I have been practicing my faith for a large number of years. I have been trained as a leader in my faith. Over all those years and through all my training and service, I have prayed in different settings both aloud and silently. I have led prayer and I have been led in prayer. All types of prayers have been a part of my experience. I continue to learn of other ways people pray. Through all this, I have come to the point where praying is no longer confined to a specific time or location but seems to have become woven into my everyday life. I had heard of continuous prayer but had no perception what that might mean. Instead, continuous prayer in my life has just happened. I feel constantly engaged in conversation with my God. Different experiences, different settings, and different forms of expression make up continuous prayer for me.

Let me confess, I am not sure that the title I have given this blog post is fair or accurate. I say this because I do not believe that prayer can truly be understood. Prayer contains so many elements and expressions that it cannot be neatly tied up with a definition or a specific formula. Prayer instead is an experience, an experience that is unique to every person, every faith, and every culture. Accepting this reality is what I think has opened the door to continuous prayer for me.

Since prayer is such a large topic, I want you to view this as an introduction into my thoughts on this topic. I can promise more blog posts concerning prayer as time moves along. I would also love to hear of your experiences of prayer.

Evil

Evil is one of those words which we attribute to a variety of people and situations, but I am not sure any of us have the ability to give a full definition of this word. Some definitions on dictionary.com which caused me to pause are these:

morally wrong or bad; immoral; wicked

harmful; injurious

the force in nature that governs and gives rise to wickedness and sin

There are aspects of each of these definitions which resonate with me. They easily fit within my understanding of this word. Yet there are also some questions which these definitions raise. Questions like…

Who defines “morally wrong”?

Is there one understanding of harmful or injurious?

Where does this force in nature come from?

Here is where deriving a definition for the word evil becomes a difficult task. As you can see by the questions I raised, there is some degree of subjectivity here. There is also a need to grapple with the spiritual aspect of the word. Add to these the historical impact of the interpretation and use of the word. Maybe this was not a wise subject for me to tackle in a blog post. In fact, you can find volumes of books and papers dealing with this subject.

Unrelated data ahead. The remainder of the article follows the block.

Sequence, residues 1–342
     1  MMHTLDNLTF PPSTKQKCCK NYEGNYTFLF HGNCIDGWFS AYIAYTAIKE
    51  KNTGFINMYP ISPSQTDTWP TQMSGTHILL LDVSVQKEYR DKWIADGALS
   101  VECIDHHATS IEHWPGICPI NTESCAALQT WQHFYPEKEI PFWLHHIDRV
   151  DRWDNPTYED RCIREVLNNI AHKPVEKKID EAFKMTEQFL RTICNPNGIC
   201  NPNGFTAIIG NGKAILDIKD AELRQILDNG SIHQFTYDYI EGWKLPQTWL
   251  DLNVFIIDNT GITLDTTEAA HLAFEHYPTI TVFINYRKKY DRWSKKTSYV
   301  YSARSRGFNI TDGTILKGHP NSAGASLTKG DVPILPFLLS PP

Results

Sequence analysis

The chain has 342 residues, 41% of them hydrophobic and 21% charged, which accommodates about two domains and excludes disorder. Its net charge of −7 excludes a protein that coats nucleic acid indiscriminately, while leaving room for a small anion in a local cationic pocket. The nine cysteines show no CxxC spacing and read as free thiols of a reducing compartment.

Yet I am drawn to say something about this word. I have seen it used in a variety of ways and in a variety of contexts over the last few months. Each time I have read it or heard it on television, I have paused to consider what the writer or speaker was trying to communicate when using this word. The application of the word was definitely not consistent. I had to ask myself how I understood this word and would apply it.

Remembering the struggles in creating a definition which I raised earlier, I caution you that my definition is far from being fully encompassing. I am sure there will be noticeable gaps you can find in my definition. You may have questions that arise like those I listed above. However, I am going to make an attempt.

My definition: Evil is the absence of the recognition of God in an action taken by a human being.

Let me unpack that definition a little. First, I want to point out the last two words. These are important words for me because it states that evil is attributed to a person or persons not to some spirit. One can argue that the state of mind of a person who does evil can be somewhat spiritual in nature. A person who does evil may have some physical or psychological issue which prompts them to act such as a chemical imbalance in their body or the impact of experiences in their lives. What remains is the fact that evil is done by a human being.

Next is the phrase, “the absence of the recognition of God.” I am stating here that God is not absent at the time an evil act is committed but that the perpetrator of the act does not recognize God at that time. The reason I state it this way is because I have a strong belief that God is always present so stating that evil is the absence of God does not align with this belief. Since God is love as I understand God, anything which is harmful to any of creation is inconsistent with God. So there must be an absence of some sort here. For me the absence lies with the person committing the act. Whatever the reason, this person does not recognize God in the particular setting and so is destructive in some manner. If the person recognized God in the situation, the person would refrain from a destructive behavior.

Another important point concerning evil is that a person is not evil. Every person is created in the image of God and God is not evil. In fact God is the antithesis to evil. Because of this, the other vital word in my definition is action. The evil exists within the action and not the person. So often we wish to portray a person as evil but that is inconsistent with my understanding of who we are as a creation of God.